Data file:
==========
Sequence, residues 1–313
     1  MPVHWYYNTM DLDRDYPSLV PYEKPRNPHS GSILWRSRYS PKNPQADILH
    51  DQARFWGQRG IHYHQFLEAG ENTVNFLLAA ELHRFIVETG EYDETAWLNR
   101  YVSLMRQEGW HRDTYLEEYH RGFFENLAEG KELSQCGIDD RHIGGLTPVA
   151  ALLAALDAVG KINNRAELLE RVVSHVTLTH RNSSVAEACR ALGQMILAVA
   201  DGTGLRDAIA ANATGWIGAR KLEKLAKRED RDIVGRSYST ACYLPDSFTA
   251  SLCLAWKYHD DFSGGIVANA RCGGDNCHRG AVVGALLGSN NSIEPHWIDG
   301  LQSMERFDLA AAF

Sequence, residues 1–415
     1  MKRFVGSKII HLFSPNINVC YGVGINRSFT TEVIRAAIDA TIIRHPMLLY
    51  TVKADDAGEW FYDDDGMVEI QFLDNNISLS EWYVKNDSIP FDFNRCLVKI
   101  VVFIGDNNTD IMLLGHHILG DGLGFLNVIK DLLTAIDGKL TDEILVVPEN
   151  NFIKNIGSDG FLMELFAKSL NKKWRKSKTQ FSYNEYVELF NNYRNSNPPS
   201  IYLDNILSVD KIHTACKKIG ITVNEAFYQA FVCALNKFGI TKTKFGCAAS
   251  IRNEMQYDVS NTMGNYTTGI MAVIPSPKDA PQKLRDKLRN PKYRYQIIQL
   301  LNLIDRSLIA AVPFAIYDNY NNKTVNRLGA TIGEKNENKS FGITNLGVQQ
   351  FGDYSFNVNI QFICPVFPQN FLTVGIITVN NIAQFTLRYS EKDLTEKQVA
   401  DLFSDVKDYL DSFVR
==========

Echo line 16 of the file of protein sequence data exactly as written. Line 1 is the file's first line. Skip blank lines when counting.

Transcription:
   301  LNLIDRSLIA AVPFAIYDNY NNKTVNRLGA TIGEKNENKS FGITNLGVQQ